sold deceased parents home

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Latest post Sun, Feb 15 2009 1:30 PM by Hearst86. 2 replies.
  • Sun, Feb 15 2009 11:55 AM

    • debrar
    • Not Ranked
    • Joined on Sun, Feb 15 2009
    • Posts 1

    sold deceased parents home

    I am executor of my parents estate. I sold the home. The proceeds were split between my brother and myself. I received a 1099 for the full amount of the sale as executor of the will. My brother needs to pay taxes on his half of the proceeds. How do I change the 1099 to reflect this. I do not want to be liable for tax on the entire sale as I did not receive all the funds.

    Please advise

  • Sun, Feb 15 2009 12:17 PM In reply to

    • Drew
    • Top 10 Contributor
    • Joined on Thu, Mar 30 2000
    • PA
    • Posts 51,417

    re: sold deceased parents home

    Makes no sense that taxes are due---give us more details

  • Sun, Feb 15 2009 1:30 PM In reply to

    Feedback [*=*] re: sold deceased parents home

    Talk to a tax pro. (I would go a little higher up the food chain than one of the store front tax outfits.)

    The chances are good that you and your brother or the estate was entitled to the value of the home on the date of death. Your capitol gains taxes would be measured only on any increase in the value of the house between death of your last living parent and when you sold the house. I also think the executor can choose an alternate valuation date that is six months after the date of death. Confirm with a tax pro. As executor, you may have needed to make that decision back then.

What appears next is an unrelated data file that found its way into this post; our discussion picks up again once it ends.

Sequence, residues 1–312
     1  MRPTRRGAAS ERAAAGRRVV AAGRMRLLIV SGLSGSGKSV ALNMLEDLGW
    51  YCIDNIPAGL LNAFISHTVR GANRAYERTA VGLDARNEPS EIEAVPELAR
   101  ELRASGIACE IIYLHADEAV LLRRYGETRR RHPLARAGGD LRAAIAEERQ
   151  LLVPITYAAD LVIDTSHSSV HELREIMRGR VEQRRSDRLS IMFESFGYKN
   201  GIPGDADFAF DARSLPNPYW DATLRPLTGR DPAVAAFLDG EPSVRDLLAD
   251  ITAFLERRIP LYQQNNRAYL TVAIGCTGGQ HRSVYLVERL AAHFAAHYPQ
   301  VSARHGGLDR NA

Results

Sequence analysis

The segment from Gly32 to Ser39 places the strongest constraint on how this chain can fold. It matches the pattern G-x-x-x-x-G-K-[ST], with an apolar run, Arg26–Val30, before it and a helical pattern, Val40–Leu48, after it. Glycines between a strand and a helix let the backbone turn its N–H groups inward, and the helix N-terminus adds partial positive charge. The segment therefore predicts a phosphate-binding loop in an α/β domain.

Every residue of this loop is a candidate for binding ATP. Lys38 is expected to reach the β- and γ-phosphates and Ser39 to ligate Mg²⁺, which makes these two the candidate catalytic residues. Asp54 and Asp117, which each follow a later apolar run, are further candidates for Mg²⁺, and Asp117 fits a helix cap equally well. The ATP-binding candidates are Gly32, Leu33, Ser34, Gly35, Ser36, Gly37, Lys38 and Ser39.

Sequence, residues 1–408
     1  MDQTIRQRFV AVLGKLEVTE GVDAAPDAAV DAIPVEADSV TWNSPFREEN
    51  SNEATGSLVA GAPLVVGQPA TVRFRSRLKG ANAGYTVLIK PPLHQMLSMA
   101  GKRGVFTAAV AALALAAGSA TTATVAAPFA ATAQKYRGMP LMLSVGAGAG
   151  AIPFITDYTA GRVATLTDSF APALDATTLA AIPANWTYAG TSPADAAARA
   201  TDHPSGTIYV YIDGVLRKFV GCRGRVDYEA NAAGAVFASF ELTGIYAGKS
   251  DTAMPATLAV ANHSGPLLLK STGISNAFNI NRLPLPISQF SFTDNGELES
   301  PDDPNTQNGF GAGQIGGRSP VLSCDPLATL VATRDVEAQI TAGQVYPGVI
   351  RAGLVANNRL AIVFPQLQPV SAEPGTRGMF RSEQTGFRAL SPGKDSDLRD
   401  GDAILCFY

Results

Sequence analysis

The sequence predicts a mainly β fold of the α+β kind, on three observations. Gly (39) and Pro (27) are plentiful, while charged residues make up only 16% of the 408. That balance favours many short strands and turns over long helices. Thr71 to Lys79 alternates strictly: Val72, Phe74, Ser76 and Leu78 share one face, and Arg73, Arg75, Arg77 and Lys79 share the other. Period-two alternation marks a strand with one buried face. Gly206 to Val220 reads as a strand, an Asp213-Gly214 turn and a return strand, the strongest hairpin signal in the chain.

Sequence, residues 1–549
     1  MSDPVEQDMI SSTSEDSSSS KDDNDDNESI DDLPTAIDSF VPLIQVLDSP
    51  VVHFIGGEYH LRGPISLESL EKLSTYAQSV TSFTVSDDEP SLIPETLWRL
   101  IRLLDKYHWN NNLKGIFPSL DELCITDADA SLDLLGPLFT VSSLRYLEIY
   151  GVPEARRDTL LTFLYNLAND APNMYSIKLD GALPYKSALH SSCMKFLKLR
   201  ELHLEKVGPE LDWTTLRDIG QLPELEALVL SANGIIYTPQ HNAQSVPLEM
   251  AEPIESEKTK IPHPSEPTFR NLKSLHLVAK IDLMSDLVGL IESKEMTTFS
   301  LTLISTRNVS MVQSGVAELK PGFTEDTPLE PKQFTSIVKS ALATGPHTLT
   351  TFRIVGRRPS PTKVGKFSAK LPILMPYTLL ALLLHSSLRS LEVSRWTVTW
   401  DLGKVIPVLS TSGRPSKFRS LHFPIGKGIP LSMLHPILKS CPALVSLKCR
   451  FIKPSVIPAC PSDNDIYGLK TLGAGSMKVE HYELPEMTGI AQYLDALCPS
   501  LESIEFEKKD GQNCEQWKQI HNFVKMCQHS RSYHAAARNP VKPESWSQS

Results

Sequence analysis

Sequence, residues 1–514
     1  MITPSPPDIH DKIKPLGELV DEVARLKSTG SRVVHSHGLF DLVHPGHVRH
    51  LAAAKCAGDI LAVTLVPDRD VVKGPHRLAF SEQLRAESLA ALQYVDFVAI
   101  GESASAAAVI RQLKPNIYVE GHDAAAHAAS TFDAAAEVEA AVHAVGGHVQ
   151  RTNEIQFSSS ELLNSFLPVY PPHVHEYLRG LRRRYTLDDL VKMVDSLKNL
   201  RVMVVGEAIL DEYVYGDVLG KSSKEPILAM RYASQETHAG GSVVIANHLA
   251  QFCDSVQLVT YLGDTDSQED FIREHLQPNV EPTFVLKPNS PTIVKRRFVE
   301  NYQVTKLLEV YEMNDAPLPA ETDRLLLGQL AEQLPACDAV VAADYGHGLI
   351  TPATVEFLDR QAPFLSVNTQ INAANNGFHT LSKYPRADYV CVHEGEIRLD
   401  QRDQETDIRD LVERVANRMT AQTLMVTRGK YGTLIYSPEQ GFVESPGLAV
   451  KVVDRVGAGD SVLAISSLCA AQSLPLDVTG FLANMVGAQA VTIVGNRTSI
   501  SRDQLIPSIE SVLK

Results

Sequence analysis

Given the relatively flat real estate market the past couple of years, the home probably sold for a loss relative it's date of death value, at least on paper. Moreover, in computing any possible capital gains taxes, you or the estate may be entitled to a credit for certain buyer paid closing costs. In other words, if you determine the house was worth $100,000 on date of death and you have certain eligible closing costs of $5,000, then these costs are added to the $100,000. If you (or the estate) sold the home for $103,000, technically, there is a loss of $2,000. You may be able to take this paper loss to reduce your individual taxes. However, there probably is something that you as executor may need to do so that you and your brother can claim the loss on your individual taxes, if applicable.

    Ergo, the chances are good that neither of you really owe any taxes whatsoever. But, if your brother is reluctant to be involved, the possibility of some kind of tax break may "change his tune".
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